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A Change of Course is Needed

26 July 2021
Increasing Efficiency in the Building Sector
Depends on Renovations

Climate action is one of the stated goals of the European Union. Greenhouse gases are to be reduced to a minimum by 2050. The building sector will play an important role in this, as 40 percent of total energy consumption and approximately 36 percent of all CO2 emissions can be traced back to buildings. There is an enormous potential for energy savings here. Refurbishing existing buildings is the primary way to realize these savings.

The Key Information a Glance:

  • The building sector is a major energy consumer: To achieve greater overall energy efficiency, significantly more existing buildings need to be refurbished.
  • Sophisticated building automation supports savings: Building technology processes can be monitored and controlled efficiently. Networked systems create additional value.
  • Retrofitting efficiency: The controller, sensors and actuators required for energy-optimized building operation can also be retrofitted into existing buildings.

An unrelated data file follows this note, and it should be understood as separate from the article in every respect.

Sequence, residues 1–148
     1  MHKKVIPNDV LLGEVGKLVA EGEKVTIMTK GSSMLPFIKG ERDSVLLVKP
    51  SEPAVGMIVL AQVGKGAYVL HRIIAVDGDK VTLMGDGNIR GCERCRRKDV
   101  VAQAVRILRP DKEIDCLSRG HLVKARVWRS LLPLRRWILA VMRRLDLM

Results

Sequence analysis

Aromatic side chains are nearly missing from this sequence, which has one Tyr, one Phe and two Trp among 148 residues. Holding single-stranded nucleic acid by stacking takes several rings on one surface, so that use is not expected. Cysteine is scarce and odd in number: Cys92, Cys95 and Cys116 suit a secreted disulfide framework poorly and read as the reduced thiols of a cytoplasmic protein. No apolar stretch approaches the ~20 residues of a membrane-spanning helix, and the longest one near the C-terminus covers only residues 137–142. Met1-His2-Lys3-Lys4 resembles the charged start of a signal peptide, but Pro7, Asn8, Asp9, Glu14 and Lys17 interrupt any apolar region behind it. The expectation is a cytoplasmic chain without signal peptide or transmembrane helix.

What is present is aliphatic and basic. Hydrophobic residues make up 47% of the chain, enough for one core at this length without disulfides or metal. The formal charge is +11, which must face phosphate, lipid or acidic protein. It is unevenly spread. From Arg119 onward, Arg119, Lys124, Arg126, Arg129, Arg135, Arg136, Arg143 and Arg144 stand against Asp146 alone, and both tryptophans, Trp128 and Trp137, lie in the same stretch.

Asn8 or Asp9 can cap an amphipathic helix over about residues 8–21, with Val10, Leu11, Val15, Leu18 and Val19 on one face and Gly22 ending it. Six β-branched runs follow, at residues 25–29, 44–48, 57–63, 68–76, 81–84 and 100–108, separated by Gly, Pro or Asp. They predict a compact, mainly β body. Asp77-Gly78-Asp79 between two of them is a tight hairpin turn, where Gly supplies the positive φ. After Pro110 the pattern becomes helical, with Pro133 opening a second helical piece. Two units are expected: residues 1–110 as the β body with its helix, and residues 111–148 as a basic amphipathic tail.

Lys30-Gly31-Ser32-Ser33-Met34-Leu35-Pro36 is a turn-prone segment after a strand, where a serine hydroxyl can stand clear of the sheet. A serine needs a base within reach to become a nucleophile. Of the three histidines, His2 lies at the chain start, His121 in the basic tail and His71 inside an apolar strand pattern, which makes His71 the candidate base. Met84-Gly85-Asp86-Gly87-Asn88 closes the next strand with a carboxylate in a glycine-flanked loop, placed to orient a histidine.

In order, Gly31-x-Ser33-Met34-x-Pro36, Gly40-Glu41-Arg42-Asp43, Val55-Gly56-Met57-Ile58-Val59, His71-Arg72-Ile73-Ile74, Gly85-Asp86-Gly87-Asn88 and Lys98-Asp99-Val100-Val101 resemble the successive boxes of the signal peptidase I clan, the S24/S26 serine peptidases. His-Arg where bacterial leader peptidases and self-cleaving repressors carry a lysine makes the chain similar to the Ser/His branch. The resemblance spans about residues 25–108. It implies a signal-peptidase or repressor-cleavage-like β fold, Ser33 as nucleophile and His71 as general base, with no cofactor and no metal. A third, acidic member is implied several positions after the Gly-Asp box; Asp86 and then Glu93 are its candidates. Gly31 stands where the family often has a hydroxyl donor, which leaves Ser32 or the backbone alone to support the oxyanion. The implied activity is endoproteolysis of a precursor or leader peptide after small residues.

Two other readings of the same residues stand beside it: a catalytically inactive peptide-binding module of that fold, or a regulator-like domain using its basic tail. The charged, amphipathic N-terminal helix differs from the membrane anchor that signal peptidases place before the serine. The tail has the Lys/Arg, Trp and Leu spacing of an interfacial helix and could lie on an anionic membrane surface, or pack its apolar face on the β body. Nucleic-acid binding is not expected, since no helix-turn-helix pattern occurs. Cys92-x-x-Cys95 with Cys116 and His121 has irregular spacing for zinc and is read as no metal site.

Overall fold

• Smart readiness: Building automation is also a policy requirement.

Non-Residential Buildings Are Significant Energy Consumers

At the moment, there are an estimated 2.7 million non-residential buildings in Germany (dena Report, 2019), which represent a total of 13 percent of German building stock. At the same time, non-residential buildings represent one-third of total building energy consumption. Reducing that will require more than just efficient new construction. We need to focus on energy efficient renovation – going beyond just improvements in insulation or innovative heating technology to include retrofitted building automation, which is critical for increasing the energy performance of existing buildings.

Building Automation Supports Targeted Energy Use

Sophisticated building automation systems, which detect, control and regulate building technology processes while networking equipment and building systems, can achieve significant energy savings. Individual systems communicate with each other or with a higher-level management system. Heating, ventilation and air-conditioning, lights and shading interact and leverage synergies for energy-optimized operation. This allows demand-driven use of primary energy only where it is essential. For example, indoor climate conditions can be automatically adjusted according to room occupancy, giving users a comfortable working environment where they can be productive. When the room is not in use, the systems self-regulate to avoid unnecessary energy consumption. The controllers, sensors and actuators required for this can usually be retrofitted without much difficulty.

The Rate of Renovation Is Too Low